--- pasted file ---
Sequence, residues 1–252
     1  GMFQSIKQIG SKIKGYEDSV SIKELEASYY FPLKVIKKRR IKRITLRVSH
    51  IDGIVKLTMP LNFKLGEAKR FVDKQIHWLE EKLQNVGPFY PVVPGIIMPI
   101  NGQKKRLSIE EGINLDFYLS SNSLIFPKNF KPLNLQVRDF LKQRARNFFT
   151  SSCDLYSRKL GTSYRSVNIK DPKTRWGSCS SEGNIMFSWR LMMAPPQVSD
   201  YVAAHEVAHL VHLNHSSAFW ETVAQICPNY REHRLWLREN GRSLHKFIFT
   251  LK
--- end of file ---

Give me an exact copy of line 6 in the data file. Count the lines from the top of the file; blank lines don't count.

   201  YVAAHEVAHL VHLNHSSAFW ETVAQICPNY REHRLWLREN GRSLHKFIFT